Heikki Linnakangas <heikki.linnakan...@enterprisedb.com> wrote:
> Pardon my ignorance, but where exactly is the extra overhead
> coming from? Searching for a predicate lock?
Right.  As each tuple is read we need to ensure that there is a
predicate lock to cover it.  Since finer-grained locks can be
combined into coarser-grained locks we need to start with the fine
grained and move toward checking the coarser grains, to avoid
missing a lock during promotion.  So for each tuple we calculate a
hash, find a partition, lock it, and lookup the tuple as a lock
target.  When that's not found we do the same thing for the page.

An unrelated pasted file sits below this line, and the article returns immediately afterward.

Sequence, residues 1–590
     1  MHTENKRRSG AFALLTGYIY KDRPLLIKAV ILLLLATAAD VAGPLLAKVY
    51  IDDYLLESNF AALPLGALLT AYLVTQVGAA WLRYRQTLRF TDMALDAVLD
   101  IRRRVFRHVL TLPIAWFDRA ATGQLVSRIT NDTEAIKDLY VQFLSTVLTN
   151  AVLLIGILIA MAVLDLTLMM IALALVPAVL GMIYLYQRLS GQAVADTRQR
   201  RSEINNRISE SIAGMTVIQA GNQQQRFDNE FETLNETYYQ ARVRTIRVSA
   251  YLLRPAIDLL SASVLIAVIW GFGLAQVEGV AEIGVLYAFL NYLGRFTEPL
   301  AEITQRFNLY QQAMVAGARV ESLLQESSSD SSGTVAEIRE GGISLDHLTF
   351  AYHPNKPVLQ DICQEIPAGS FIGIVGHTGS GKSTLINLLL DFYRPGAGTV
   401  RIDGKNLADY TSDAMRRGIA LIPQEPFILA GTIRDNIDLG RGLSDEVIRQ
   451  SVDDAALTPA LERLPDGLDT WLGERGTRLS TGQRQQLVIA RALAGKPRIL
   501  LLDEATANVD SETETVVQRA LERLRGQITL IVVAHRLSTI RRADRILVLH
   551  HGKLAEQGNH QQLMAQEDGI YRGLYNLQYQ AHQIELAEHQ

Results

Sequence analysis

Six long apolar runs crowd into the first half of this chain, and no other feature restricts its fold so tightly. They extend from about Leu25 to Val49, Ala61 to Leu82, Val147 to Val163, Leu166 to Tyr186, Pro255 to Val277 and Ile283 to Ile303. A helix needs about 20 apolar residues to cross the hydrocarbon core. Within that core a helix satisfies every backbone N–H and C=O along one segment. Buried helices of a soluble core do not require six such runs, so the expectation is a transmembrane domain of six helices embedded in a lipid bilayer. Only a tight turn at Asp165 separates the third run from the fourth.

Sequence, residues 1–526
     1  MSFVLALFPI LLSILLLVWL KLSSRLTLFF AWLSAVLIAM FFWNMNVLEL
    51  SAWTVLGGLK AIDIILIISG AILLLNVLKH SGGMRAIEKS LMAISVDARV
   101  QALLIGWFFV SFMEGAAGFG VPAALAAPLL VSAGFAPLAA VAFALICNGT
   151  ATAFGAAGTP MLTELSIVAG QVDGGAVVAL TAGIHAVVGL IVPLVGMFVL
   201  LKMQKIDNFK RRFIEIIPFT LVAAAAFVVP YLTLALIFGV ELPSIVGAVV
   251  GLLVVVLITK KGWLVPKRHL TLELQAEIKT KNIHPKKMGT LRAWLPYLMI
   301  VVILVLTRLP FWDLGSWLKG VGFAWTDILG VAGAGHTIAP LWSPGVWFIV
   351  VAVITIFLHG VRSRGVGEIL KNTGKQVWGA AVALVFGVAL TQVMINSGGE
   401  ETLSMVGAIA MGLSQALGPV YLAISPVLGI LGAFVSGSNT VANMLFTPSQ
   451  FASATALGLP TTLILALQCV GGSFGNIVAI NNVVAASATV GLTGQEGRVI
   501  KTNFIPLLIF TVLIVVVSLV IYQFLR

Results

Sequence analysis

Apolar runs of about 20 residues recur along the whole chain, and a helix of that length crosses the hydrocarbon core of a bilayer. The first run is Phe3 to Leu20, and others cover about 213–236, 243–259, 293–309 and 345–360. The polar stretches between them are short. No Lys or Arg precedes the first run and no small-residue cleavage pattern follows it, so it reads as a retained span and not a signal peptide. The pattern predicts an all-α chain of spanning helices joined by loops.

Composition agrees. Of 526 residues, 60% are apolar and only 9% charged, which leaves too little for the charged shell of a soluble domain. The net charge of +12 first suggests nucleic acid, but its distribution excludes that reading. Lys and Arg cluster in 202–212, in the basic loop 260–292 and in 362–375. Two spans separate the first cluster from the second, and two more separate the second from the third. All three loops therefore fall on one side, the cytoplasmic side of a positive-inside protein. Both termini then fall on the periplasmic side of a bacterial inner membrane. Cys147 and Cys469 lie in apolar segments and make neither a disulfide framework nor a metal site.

When that's not found we do the same thing for the relation.
But we acquired a relation lock up front, when we determined that
this would be a heap scan, so we could short-circuit this whole
thing if within the heapgettup_pagemode function we could determine
that this was a scan of the whole relation.
The profiling also showed that it was spending an obscene amount of
time calculating hash values (over 10% of total run time!).  I'm
inclined to think that a less sophisticated algorithm (like just
adding oid, page, and tuple offset numbers) would generate very
*real* savings with the down side being a very hypothetical
*possible* cost to longer chains in the HTAB.  But that's a separate
issue, best settled on the basis of benchmarks rather than
theoretical discussions.

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